Binge drinking, chain smoking, or using drugs as a form of escapism to cope with your current stress levels is, however, unhealthy and dangerous. These coping mechanisms could lead to a path of addiction, severe health problems, and even death.

If you’re using any of these coping mechanisms, reach out to your primary care physician and a mental health specialist immediately to work through your issues.

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Turning to Large Amounts of Junk Food for Comfort

It’s not unnatural for people to turn to sweet or sugary foods when they’re experiencing high stress levels. In fact, you can blame cortisol for your cravings for these junk foods.[1]

No matter what you may feel, however, it is important that you fight these urges to feed your stress. Excessive junk food consumption can actually increase stress levels and negatively impact your health. You may also develop an eating disorder as a result of using food to cope with your stress.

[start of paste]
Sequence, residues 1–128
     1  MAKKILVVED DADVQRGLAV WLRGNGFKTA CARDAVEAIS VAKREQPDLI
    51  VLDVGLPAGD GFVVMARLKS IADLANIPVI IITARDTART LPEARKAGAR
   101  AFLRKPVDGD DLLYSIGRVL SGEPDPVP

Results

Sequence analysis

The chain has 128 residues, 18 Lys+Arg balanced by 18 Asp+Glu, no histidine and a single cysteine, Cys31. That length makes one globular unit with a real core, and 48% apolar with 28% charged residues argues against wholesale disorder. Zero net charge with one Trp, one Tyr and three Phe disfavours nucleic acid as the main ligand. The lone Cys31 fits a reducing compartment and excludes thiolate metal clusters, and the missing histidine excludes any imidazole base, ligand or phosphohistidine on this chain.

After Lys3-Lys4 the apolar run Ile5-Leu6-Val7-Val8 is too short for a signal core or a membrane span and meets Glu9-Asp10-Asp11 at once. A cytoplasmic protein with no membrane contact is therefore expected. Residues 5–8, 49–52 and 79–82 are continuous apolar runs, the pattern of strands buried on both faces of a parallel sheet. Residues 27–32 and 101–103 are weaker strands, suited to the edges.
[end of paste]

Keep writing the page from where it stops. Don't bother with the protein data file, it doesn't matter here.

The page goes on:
Pay attention to these urges and take preventative measures to ensure that you reach for healthier foods instead of ones that will harm you down the road.

Oversleeping or Sleeping Very Little

Much like using drugs or alcohol to numb out the situations in your life that are causing your stress levels, oversleeping is another form of escapism that allows you to avoid the stress in your life.

What you’ll find, however, is that your stressors are still there when you wake up and they will continue to get worse as you continue to avoid them.